Tuesday, February 20, 2024


For most of the seventeen years I lived under my father's roof and under my mother's borderline personality (or whatever the latest DSM calls 'a nasty old hag') my older brother, younger sister and I had to tiptoe around their tilted little house.

First, any noise might set my mother's hair-trigger to 'extra-hairy,' and two, my father almost died of a heart-attack in 1967 and again in 1974, and we, as children were told it was the noise we made which was largely responsible.

I grew up knowing my father could die at any minute and my mother could explode. As I learned about my parents when I left home for good, age 17, no one is entirely useless; they can always serve as a bad example.

Even Joe Louis couldn't take a punch like a time-clock.

One of the examples I learned from was my father's work ethic. Except for his non-stop schtupping of various secretaries, he seldom took a break. There was hardly a moment he didn't have a yellow legal pad and a black Pentel pen.

At an early-age, I vowed I would be more moderate than he. In fact, in an attempt at moderation, I set out for a career in academia. I incorrectly thought the ivied halls of some leafy campus somewhere in say Maine or New Hampshire--somewhere suitably out-of-the-way-and-fray, would be much more benign than my father's martini-fueled Madison Avenue hallways. I quickly learned that the only difference between advertising stiletto knives and professorial stilettos was that at a university the stabbings come fully annotated and with copious footnotes.

So, mostly because I had rent to pay and no visible or invisible means of support and I was tired of getting my furniture from ratty piles on city sidewalks, I went to the School of Visual Arts and after some years of working at it (I think I dropped my portfolio at 41 agencies) I finally started my advertising career. 

I vowed, however, not to cardiac my way to an early death. While I always worked hard, I never got into the practice of staying all hours to show my fervor. I'd get in early, work hard, and go home at a reasonable time. Peer pressure be damned.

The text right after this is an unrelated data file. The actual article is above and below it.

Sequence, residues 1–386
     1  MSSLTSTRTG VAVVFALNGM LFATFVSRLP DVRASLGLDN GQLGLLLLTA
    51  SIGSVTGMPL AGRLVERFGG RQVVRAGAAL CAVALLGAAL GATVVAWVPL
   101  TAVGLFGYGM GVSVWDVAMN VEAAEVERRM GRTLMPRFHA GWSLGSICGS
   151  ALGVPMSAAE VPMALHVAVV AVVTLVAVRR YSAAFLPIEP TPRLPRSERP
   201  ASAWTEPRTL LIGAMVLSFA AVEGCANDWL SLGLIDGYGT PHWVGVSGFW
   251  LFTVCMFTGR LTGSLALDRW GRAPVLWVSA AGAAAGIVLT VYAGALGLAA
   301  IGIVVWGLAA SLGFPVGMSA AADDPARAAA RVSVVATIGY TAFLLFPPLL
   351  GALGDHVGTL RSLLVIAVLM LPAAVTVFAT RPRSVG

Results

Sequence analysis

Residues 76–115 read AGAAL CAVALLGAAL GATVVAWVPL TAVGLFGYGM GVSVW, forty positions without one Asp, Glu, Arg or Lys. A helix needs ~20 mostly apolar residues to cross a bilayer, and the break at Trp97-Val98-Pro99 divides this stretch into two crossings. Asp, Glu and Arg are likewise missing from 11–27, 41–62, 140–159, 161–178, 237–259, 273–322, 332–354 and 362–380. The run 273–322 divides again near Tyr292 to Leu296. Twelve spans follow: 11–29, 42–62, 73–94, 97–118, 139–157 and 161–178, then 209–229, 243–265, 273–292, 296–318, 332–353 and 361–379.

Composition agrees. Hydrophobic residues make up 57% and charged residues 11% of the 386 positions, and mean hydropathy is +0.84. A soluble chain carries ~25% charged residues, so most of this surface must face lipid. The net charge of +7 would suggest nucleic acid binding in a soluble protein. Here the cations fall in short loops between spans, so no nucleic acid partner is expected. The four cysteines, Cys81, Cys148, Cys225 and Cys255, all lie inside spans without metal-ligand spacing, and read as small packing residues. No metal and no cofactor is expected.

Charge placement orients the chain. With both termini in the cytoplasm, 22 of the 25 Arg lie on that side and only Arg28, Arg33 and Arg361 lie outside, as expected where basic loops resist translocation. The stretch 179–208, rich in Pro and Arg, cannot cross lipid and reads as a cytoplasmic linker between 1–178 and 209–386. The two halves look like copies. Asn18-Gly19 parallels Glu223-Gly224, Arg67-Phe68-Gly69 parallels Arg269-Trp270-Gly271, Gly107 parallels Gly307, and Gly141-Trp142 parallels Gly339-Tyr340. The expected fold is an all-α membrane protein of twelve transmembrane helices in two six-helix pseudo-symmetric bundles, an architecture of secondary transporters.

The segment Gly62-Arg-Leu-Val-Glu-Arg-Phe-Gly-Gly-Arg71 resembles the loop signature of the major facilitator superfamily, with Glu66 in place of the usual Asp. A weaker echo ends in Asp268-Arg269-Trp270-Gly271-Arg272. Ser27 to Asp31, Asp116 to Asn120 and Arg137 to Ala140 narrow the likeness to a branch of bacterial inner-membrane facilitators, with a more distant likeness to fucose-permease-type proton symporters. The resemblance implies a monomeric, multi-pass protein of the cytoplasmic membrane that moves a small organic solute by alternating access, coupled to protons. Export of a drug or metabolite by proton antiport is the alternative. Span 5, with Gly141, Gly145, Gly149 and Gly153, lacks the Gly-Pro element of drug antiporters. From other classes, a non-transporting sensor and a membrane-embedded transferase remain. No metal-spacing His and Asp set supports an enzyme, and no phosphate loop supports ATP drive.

When my first ACD (when that was a big title) had a heart-attack virtually right in front of me when he was just 37, I redoubled my efforts not to redouble my efforts. 

In short order, I convinced myself, I was not a hard-worker.

It's now forty years later, and I have two daughters, 36 and 32, who are fast making their ways in their careers. My 36-year-old is a Clinical Psychologist and runs a Harvard-affiliated clinic specializing in helping children and their parents. My 32-year-old is a Marine Biologist and helps run the University of California San Diego's Master's Program in Marine Biodiversity and Conservation. It's kind of funny and fascinating to me that in a sense they have the academic careers that I wasn't able to pursue.

The Stakhanovites (стаха́новцы) modeled themselves after Alexei Stakhanov, a coal miner, 

and took pride in their ability to produce more than was required by working harder and more efficiently, thus contributing to the common good and strengthening the socialist state.

My daughters, touch wood, often call me. And, as children do, they excoriate me for having worked so hard. They chastise me for giving them a Stakanovite work ethic.

They tell me about the late nights they work and the 5AM wake-ups. They tell me about the pressures of living in a world where nearly everything that tries to uplift others is under-funded and understaffed and under-pressure. They say, with some anger, "Dad. Why'd you teach us to work so hard?" Their voices are not without rancor in these moments.

I look at them and I have a simple answer.

The same answer Joe Louis, the greatest heavyweight boxer of all time, uttered when assessing his twelve years as champion and holder of a fight-all-comers 66-3 record. The same answer Philip Roth quoted when he evaluated his career and more than thirty novels: "I did the best I could with what I had."

In thirty or so years, lord willing, my kids will say the same to their kids.

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